Working on more stories about the New Mexico landscape Georgia O’Keefe loved so much…….
Welcome back. “Where I was born and how I have lived is unimportant. It is what I have done with where I have been that should be of interest.” So said artist Georgia O’Keefe referring to several stories written about her that she called “odd things” in the 1976 book about her life simply entitled: Georgia O’Keefe.
O’Keefe was born in Wisconsin on November 15, 1887 and as a young woman she studied art at the Chicago Art Institute and the Art Students League in New York City. She also trained as a teacher and in 1916 she was hired as the head of the Art Department at West Texas State Normal College.
O’Keefe first came to the attention of the New York art world when photographer and gallery owner Alfred Stieglitz exhibited her drawing at his 291 gallery. During this time O’Keefe also met many early American modern artists including John Marin, Marsden Hartley and Arthur Dove. Her own naturalistic yet also abstract works established her as a serious artist in an era when there were few women artists. By the mid-1920s she had become known as one of America’s most important artists.
In 1929 O’Keefe took a trip with a friend to New Mexico in search of new inspiration.They went to Taos where they were the guests of Mabel Dodge Luhan, a famous patron of the arts. O’Keefe took numerous back packing trips into the mountains and deserts of the region and became entranced with the landscapes there. From 1929-1949 she spent part of every year working there. Then in 1934 she visited Ghost Ranch which lies 18 miles north of Abiqui, and decided immediately to move there. In 1940 she purchased a small house on the ranch and learned to drive which allowed her to go to remote locations alone to paint. Her subject matter included dramatic rock formations like “The Black Place”, a remote and still uninhabited area about 150 miles west of her home. Bones, skulls and unusual stones, as well as flowers, were other typical sources of subject matter for her paintings.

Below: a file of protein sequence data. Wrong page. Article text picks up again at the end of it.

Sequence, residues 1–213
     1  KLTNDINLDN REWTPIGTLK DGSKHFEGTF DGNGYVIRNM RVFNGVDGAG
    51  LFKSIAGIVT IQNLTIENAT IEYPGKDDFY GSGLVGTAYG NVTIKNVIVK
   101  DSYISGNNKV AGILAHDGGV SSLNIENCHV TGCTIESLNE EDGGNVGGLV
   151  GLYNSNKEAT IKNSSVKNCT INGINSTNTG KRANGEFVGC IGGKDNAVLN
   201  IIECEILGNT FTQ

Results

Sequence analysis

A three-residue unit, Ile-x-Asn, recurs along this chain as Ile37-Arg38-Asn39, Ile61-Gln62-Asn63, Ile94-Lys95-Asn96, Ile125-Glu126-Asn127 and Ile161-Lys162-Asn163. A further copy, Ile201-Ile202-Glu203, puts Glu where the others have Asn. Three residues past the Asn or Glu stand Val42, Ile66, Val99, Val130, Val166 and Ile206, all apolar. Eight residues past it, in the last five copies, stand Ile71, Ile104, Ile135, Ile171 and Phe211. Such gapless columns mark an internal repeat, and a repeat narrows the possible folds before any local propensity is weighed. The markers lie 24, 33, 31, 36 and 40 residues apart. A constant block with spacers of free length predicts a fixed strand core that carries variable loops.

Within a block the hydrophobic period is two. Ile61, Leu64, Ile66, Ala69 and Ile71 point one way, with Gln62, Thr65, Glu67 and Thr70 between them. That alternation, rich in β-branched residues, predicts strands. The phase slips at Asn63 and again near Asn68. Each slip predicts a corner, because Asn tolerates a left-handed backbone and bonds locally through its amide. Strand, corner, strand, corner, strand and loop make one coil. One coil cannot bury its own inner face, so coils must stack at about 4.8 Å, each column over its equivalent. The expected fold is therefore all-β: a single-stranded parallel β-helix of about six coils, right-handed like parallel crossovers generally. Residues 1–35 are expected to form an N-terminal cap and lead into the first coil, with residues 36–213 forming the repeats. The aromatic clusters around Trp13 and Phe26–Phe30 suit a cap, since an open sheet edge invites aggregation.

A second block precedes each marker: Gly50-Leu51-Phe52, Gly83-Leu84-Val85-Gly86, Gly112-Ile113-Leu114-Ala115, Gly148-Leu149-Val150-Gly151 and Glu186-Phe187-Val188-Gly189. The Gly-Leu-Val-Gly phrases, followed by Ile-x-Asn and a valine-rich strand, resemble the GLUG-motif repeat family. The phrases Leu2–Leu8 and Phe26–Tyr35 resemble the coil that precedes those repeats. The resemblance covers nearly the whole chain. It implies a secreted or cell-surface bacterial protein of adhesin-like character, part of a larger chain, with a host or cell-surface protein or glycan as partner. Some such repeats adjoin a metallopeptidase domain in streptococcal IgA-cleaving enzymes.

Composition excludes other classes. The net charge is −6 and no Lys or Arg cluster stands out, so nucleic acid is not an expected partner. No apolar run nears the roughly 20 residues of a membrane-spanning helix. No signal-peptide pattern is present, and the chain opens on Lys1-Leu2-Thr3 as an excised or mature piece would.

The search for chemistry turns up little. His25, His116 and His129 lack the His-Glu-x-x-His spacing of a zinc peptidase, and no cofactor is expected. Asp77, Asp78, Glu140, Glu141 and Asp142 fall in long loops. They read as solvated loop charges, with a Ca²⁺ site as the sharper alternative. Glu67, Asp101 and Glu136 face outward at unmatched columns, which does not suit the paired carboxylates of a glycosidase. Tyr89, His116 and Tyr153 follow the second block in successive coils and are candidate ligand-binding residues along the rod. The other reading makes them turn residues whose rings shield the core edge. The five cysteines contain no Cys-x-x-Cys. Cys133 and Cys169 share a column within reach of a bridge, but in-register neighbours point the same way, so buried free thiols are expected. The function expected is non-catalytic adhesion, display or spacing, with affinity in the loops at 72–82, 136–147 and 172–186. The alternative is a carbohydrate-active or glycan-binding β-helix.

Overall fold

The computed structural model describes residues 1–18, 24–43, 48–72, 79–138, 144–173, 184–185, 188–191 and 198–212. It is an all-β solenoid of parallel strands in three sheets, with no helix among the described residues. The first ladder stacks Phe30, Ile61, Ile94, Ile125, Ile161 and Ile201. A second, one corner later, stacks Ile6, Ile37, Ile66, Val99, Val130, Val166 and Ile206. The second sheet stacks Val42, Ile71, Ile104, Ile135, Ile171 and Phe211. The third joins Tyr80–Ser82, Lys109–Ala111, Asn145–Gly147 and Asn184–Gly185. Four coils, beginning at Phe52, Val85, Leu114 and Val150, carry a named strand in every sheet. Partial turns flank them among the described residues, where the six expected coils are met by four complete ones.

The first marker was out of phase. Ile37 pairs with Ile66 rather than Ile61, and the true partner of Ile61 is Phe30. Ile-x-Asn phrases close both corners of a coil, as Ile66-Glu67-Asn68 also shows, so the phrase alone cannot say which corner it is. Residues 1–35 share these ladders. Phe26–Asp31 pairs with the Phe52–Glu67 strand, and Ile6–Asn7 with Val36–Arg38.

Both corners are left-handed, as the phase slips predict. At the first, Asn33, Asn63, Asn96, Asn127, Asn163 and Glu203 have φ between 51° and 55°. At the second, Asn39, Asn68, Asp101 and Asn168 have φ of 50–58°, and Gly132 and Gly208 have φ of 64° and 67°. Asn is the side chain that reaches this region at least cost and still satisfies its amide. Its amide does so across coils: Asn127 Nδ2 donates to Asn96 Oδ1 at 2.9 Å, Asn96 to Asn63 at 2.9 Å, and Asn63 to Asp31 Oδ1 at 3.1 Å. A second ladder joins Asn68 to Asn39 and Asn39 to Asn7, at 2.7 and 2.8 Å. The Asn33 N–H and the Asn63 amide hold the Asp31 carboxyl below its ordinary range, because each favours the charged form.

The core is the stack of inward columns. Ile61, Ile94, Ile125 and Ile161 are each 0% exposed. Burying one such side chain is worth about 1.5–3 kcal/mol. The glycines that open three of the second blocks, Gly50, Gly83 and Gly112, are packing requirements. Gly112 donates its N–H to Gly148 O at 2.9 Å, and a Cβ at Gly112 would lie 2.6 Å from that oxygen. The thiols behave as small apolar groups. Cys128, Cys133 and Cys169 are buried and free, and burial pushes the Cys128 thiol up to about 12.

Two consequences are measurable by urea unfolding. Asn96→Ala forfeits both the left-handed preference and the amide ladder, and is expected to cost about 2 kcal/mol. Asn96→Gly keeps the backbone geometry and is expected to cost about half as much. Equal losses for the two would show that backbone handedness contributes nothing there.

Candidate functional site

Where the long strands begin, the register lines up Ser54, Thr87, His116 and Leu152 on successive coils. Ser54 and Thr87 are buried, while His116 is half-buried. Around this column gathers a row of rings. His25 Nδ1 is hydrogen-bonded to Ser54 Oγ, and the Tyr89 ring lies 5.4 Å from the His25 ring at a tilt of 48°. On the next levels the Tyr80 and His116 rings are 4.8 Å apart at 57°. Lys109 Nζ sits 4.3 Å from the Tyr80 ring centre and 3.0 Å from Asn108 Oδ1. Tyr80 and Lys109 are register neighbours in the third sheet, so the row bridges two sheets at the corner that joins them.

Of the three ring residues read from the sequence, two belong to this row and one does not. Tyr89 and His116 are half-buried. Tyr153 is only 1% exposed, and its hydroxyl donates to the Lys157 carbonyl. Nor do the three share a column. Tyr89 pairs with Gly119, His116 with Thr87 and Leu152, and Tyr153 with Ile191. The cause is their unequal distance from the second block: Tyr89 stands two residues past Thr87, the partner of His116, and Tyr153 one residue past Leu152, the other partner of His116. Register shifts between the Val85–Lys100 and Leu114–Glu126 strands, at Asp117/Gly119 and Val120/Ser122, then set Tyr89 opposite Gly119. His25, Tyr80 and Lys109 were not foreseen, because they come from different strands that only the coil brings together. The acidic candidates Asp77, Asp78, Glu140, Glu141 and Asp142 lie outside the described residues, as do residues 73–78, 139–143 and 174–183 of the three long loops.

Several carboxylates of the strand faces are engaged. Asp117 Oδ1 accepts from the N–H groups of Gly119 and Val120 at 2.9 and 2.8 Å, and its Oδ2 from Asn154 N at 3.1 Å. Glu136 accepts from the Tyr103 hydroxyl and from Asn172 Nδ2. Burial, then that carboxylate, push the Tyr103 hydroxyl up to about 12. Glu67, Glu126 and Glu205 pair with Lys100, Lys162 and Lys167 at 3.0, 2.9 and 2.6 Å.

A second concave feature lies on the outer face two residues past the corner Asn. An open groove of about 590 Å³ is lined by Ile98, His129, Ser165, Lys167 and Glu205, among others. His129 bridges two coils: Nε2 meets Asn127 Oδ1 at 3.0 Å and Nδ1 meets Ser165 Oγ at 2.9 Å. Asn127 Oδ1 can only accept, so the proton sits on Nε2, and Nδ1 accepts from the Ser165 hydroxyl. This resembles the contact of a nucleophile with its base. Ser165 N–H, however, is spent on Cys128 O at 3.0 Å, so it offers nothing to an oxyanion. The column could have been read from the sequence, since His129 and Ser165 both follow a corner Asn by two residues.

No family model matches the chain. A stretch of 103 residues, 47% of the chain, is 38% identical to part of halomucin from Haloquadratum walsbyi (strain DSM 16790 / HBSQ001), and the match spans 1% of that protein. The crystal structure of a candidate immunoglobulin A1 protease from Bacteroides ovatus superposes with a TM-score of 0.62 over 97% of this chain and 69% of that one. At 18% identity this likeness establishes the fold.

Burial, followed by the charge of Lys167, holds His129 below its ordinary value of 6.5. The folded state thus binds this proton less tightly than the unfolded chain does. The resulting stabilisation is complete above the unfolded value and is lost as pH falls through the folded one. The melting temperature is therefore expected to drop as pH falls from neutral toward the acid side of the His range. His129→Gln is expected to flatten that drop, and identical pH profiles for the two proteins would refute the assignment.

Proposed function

In the following years, O’Keefe rarely left New Mexico but her art continued to grow in popularity and value. In the fall of 1970 the Whitney Museum of American Art organized the Georgia O’Keefe Retrospective Exhibition which introduced her work to a new generation and increasing her popularity even further. In 1977 O’Keefe received the Presidential Medal of Freedom, the highest honor awarded to citizens.
O’Keefe was diagnosed with macular degeneration in 1972 and eventually stopped painting, although she continued to draw. She hired a young potter, Juan Hamilton, to work as her assistant and he taught her to work with clay, opening up a new area of artistic expression. With his assistance she produced a series of clay pots and also a group of watercolors.
Frail and in failing health, O’Keefe moved to Santa Fe in 1984. When she died in 1986 at the age of 98, she was cremated and her ashes were scattered on top of Pedernal Mountain, over the place she called the “faraway” but which we all know as Ghost Ranch.
After her death a foundation was created which established the Georgia O’Keefe Museum in Santa Fe which houses a large collection of her works and is dedicated to preserving her legacy. A house she purchased in Abiqui is open to the public by appointment but her home at Ghost Ranch is not available for tours.
Ghost Ranch lies next to the Sangre de Christo mountain range in a world of its own. There are fossils everywhere, the colored mountains that O’Keefe fell in love with are in plain view and an array of wildlife passes by your window every morning. It’s a must visit destination and I am taking you there next week along with visits to some other interesting spots in the area.
Adios till then when I’ll see ya down the road……………..